Davises $509.02 per month on a $65,000.00 purchase price until the amount due was paid in

full. The Sciscoes now essentially claim that Davis modified the contract when he

transferred the property to the Sciscoes “free and clear of any claims under the contract

which was rendered null and void or the obligations therein were discharged by delivery of

the warranty deed . . . .” Appellants’ Brief. at 14.

       Any modification to the original contract, however, would also have to have been in

writing. See Woodall v. Citizens Banking Co., 507 N.E.2d 999 (Ind. Ct. App. 1987), trans.

denied, (holding that because an agreement to modify a mortgage was essentially an

agreement to execute a mortgage, the modification was required to be in writing by the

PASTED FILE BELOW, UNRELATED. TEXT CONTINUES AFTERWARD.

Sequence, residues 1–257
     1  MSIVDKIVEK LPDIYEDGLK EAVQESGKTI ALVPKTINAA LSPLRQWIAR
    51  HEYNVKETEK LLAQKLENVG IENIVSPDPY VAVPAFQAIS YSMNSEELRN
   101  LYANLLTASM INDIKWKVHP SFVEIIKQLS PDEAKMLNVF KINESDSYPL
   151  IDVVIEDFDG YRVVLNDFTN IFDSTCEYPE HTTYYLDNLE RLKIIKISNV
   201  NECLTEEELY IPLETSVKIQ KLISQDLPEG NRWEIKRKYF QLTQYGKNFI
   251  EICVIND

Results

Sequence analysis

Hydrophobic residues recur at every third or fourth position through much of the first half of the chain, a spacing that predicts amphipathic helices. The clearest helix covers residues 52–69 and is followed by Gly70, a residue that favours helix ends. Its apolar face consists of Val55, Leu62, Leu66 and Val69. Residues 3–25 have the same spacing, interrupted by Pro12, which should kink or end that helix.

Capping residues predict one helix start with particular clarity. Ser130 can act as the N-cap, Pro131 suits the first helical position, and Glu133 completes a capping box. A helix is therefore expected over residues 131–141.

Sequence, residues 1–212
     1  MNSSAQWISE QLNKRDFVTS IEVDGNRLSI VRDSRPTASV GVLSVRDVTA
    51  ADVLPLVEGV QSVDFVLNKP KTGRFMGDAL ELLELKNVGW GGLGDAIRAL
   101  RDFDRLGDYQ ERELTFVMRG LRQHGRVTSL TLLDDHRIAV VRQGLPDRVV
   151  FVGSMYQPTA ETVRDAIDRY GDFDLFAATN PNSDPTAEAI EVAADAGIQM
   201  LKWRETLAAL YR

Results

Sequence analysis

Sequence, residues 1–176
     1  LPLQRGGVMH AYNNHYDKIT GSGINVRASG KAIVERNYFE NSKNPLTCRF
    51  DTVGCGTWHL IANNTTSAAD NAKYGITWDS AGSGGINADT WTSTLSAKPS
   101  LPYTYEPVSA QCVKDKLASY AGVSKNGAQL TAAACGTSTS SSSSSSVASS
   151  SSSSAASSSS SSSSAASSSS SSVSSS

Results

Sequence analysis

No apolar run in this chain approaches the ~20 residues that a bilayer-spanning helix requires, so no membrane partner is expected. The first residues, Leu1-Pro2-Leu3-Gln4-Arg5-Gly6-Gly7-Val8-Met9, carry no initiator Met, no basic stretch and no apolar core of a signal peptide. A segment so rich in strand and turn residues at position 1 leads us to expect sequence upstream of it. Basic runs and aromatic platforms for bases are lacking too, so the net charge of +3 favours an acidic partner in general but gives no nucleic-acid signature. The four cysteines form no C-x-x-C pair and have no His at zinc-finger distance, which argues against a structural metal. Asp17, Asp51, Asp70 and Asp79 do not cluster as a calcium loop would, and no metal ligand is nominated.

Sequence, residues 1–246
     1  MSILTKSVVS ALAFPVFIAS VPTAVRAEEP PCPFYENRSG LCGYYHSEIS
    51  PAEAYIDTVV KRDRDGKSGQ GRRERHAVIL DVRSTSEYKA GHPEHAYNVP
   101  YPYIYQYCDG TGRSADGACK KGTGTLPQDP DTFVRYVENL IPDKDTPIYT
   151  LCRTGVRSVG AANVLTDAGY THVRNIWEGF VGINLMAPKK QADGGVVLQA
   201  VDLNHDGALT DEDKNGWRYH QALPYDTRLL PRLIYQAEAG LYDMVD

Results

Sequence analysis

Statute of Frauds). The Sciscoes have designated no such writing. Further, they do not deny

that they failed to pay all sums due under the contract. Under these circumstances, the trial

court did not err in denying the Sciscoes’s summary judgment motion on their quiet title

action and in granting the Estate’s summary judgment motion on its foreclosure action.

       The Sciscoes also argue that the trial court abused its discretion in ordering them to

pay a $15,000.00 appeal bond. Their sole challenge is to the amount of the bond. The

determination of the amount of an appeal bond lies within the trial court’s discretion and will

not be disturbed absent an abuse of discretion. Kocher v. Getz, 824 N.E.2d 671 (Ind. 2005).

       As the sole authority to support their argument, the Sciscoes direct us to Ind. Code

Ann. § 34-55-10-2 (West, PREMISE through 2006 Second Regular Session), which lists

exemptions in the execution of judgments. The Sciscoes, however, fail to explain how this

statute applies to the amount of an appeal bond. They have therefore failed to show that the

trial court abused its discretion. We find no error.

       Judgment affirmed.

BAKER, C.J., and CRONE, J., concur.